On that, I am thinking I might review/interview here in the blog if you to send me your poetry book or chapbook c/o Babbitt’s, so let me check with my boss about that. I would like to receive the book at the bookstore, have the option of reviewing it here or at the bookstore blog, and also have the option of keeping it, passing it on to a poet friend, or selling it gently used at the bookstore so a poet who can’t afford it new can afford it used, so it gets another reader, and so the boss can receive a bit of economic return for housing it, and for listing it online at the store database. Your thoughts on this?

Likewise, that would carry on the spirit and tradition of my reviews at RHINO, and I am waiting to hear whether they want me to do something similar again for them!

And what about the boob job? OK, I am now reading The Girl Who Played With Fire, by Stieg Larsson, having finished The Girl With the Dragon Tattoo in time to see it tonight at the local theatre, and somebody gets a boob job. Why?! There is a reason, but I am dubious about it, and don’t want to be a spoiler, etc., but it is making me think hard about how much of the trilogy is truly devoted to feminism, and how much is sex-sells-and-makes-for-a-blockbuster-movie-version. So I send you to Seana’s blog entry on another book, using the Steig Larsson phenomenon as a contrast. Much to ponder!

And, finally, one of our Babbitt’s customers yesterday was the woman who ran the spotlight for The Tempest last night! And Julie Kistler was in the opening-night audience, too, to review the production for her blog, A Follow Spot! (Don't know if her review is up yet, but it will be, and there's plenty of fun stuff to read in her blog!)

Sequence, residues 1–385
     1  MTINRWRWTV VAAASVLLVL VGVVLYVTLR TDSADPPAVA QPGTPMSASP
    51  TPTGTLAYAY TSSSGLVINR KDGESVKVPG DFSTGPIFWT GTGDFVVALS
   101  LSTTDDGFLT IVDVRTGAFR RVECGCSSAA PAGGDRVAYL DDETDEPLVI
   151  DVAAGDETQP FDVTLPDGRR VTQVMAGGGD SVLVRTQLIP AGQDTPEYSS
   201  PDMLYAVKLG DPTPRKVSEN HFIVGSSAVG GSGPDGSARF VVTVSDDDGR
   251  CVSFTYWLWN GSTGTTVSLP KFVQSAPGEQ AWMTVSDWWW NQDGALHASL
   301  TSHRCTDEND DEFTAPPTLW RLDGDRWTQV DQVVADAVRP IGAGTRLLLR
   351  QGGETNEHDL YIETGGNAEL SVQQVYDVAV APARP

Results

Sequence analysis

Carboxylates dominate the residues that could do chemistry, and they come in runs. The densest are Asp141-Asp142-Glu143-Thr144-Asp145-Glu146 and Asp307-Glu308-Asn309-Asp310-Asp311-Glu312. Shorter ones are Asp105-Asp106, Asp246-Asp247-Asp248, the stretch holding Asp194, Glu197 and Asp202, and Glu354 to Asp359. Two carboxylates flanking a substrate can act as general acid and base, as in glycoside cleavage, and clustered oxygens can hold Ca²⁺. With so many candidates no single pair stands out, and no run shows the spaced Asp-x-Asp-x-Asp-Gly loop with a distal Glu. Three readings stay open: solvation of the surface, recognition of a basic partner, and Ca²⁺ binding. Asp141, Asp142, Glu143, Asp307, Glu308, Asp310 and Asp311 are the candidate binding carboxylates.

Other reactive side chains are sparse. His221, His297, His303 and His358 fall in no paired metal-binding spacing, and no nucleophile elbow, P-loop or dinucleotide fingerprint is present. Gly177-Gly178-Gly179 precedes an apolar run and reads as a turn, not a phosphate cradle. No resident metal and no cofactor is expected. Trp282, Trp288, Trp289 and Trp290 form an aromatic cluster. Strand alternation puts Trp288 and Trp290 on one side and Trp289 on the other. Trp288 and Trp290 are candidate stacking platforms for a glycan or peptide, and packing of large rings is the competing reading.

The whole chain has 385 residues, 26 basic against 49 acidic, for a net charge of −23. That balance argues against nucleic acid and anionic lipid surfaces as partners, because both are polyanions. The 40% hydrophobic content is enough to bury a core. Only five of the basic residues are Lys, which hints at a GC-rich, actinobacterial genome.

JulieK said...

How fun that we used almost identical art for our discourse on "The Tempest"! I also felt Caliban and Ariel were standouts last night. I floved the golden crab claw and the blue body art.

And it was indeed the boob job I was referring to the other day when I asked whether you thought all of the violence against women in the Girl Who books was really meant to shine a light on and condemn the dark, horrible world as Stieg Larsson claimed, or if it was just nasty and misogynistic after all. It's not the boob job alone, but the view of women it represents after so much violence and evil.

Kathleen said...

I had the ISF art earlier because I could not find the newspaper photo online of Ariel's blue back & clouds. So I got the sky later.

Saw the Dragon Tattoo movie tonight. I think if the boob job is 1) part of masking identity and 2) part of sexual uncertainty (damage after abuse, etc.) it is probably psychologically sound. As to the author's attitude toward women, I'll have to see what I think after reading all 3. I think rage against women, and rage against men who rage against women might look remarkably the same.... I think that might tie in with what Caliban and Prospero learn....

Anonymous said...

Today I was thinking about Caliban, having watched Richard Clifford perform the role in the Folger Consort's presentation (to Derek Jacobi's Prospero, and Holly Twyford's Ariel / Miranda) two weeks ago. I was comparing his performance to my recollection of a short film of a piece by Julie Taymor which had Caliban wearing a blank stone-like mask. I mentally contrasted both Clifford's oily brute and Taymor's stark figure with Poul Anderson's "A Midsummer Tempest," re-read last year, and telling (in very small part) the tale of a post-Tempest infatuation of Caliban's.

Like today's blog, "A Midsummer Tempest" is a round-up - of characters in that case - from Prince Rupert of the Rhine (a nephew of Charles I, if I recall correctly), to Caliban and Ariel, cameos by a lean hatchet-faced British detective and his somewhat heavyset amenuensis; and scattered characters from various Poul Anderson novels (Ogier le Danois, a werewolf, a witch, and their daughter).

Lessons in being human are what they have in common - mercy, and forgiveness. At least, you can find that in the Tempests, old and new. (The quality of mercy may be a little strained in the case of the Girl in the Millenium trilogy.)

Alas that we cannot see nor read "Love's Labour's Won" - that unless some pages are found tucked away in some stately mansion's study, or some university library, we are limited to the published plays. Still, they provide fertile soil for both performer, and eager reviser. It will be interesting to see Julie Taymor's latest Tempest when it comes out later this year, with Helen MIrren as "Prospera."


Kathleen said...

Thrilled to hear that Taymor is doing Tempest. Loved her Titus--which is a bit Millenium trilogesque, eh? Prospera, huh. That's an interesting twist.